Career Definition for a Retail Pharmacy Assistant
Pharmacy assistants who work in retail settings frequently receive prescriptions via phone, fax or email. They count or measure pharmaceuticals to fill the prescriptions; label them with the appropriate contents, instructions and warnings; and consult with pharmacists before dispensing the medications to patients. Retail pharmacy assistants also complete office tasks, including filing, communicating with insurance companies and keeping records. They are always supervised by pharmacists, and the tasks they are legally able to complete vary according to state laws.
|Education||Pharmacy technician programs available in vocational schools and community colleges|
|Job Skills||Quick learning, typing, outgoing, teamwork|
|Median Salary (2017)*||$29,860 (in food and beverage stores), $29,500 (in pharmacies and drug stores), $31,320 (in general merchandise stores)|
|Job Growth (2016-2026)*||12% for pharmacy technicians|
Source: *U.S. Bureau of Labor Statistics
A career in retail pharmacy assisting does not have formal education requirements, but some vocational schools and community colleges offer pharmacy technician programs that can help entrants to the field. Some states require that pharmacy assistants complete a certification exam offered by either the Pharmacy Technician Certification Board or the Institute for the Certification of Pharmacy Technicians. Training programs often include courses in pharmaceutical nomenclature and use, office skills and relevant regulations.
The Pharmacy Technician Certification Board recommends that retail pharmacy assistants be quick learners, good typists and outgoing individuals who are good at working in teams and helping customers. Retail pharmacy assistants must also be mindful of the confidential nature of their work and respect patients' privacy.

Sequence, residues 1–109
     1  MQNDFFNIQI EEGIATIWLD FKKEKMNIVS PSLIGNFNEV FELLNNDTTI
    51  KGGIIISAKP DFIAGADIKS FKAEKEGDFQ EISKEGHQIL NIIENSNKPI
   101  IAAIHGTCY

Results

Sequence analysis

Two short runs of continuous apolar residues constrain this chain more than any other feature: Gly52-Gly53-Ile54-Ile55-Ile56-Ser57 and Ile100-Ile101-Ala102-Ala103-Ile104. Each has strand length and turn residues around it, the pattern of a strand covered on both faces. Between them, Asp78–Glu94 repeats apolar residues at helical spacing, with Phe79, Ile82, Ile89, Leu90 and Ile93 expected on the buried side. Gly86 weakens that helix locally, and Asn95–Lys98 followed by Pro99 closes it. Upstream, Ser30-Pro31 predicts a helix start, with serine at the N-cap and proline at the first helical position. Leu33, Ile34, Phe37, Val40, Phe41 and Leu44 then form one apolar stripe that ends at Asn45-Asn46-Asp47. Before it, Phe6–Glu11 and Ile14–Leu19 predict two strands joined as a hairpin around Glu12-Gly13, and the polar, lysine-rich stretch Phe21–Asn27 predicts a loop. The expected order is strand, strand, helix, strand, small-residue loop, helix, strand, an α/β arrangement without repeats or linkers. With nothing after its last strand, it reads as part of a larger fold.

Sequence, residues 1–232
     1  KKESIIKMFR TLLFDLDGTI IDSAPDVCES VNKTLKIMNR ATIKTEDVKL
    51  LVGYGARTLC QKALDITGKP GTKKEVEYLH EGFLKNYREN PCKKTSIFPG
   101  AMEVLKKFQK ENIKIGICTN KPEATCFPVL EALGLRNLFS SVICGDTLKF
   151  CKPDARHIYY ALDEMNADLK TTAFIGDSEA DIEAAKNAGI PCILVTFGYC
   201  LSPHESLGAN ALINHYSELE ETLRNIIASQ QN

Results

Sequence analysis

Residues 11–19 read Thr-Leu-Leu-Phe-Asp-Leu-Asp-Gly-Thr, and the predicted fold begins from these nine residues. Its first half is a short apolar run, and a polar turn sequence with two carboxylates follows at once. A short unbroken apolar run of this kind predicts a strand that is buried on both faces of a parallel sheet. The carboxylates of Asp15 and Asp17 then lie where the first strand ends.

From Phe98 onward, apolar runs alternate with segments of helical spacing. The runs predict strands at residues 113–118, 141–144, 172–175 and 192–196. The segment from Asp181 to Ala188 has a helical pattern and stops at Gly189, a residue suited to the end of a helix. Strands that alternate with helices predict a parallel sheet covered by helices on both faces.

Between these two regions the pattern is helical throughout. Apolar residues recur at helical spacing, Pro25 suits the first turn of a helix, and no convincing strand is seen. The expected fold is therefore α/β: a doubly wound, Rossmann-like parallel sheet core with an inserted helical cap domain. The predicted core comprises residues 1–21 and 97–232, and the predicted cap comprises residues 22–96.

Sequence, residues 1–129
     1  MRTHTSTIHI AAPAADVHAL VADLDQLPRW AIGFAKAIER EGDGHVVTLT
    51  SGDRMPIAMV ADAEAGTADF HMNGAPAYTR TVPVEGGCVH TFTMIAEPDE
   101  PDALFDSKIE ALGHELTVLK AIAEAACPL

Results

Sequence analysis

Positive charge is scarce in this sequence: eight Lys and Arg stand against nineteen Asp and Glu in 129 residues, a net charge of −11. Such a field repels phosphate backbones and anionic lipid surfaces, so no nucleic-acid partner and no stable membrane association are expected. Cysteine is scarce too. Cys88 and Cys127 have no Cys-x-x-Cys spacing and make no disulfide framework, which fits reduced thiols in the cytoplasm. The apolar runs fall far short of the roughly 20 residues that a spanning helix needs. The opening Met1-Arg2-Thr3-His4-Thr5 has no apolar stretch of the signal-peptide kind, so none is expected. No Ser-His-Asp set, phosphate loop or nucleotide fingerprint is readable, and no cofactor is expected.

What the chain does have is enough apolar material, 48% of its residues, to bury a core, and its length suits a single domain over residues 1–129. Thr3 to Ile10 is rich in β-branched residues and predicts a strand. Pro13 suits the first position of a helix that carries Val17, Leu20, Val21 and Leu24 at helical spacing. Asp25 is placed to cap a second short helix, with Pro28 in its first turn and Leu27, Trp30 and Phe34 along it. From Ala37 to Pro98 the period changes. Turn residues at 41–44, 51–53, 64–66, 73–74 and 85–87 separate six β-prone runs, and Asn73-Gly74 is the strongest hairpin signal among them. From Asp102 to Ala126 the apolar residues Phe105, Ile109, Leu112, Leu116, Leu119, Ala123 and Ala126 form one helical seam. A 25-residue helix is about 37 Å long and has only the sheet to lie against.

Career and Economic Outlook
The U.S. Bureau of Labor Statistics (BLS) expects that the job outlook for pharmacy technicians will be good from 2016-2026, with positions growing at a rate of 12%. Though automated pill-counting machines will relieve them of some of their tasks, pharmacy technicians will continue to take on the tasks formerly completed by pharmacists in order to cut medical costs.
Pharmacy technicians working in food and beverage stores earned a median wage of $29,860 in 2017, pharmacy technicians in other general merchandise stores earned $31,320 and pharmacy technicians in pharmacies and drug stores made $29,500, according to the BLS.
Alternate Career Options
Look into these other options for careers in pharmacy and healthcare:
These professionals must earn a Pharm.D. degree from an accredited program and then earn licensing by passing two exams. Pharmacists dispense medications and give advice to patients; they also may supervise pharmacy technicians or assistants. From 2016-2026, 6% employment growth was expected by the BLS, which is about as fast as average for all occupations. Pharmacists earned a median salary of $124,170 in 2017, according to the BLS.
Although no formal education requirements exist in most states, future medical assistants may choose to attend programs taking 1-2 years to complete and might also earn certifications preferred by some employers. These assistants complete both clinical and administrative tasks in the offices of physicians and other healthcare providers. The BLS anticipates 29% employment growth, from 2016-2026, which is much faster than the average for all occupations. In 2017, medical assistants earned a median annual salary of $32,480, per the BLS.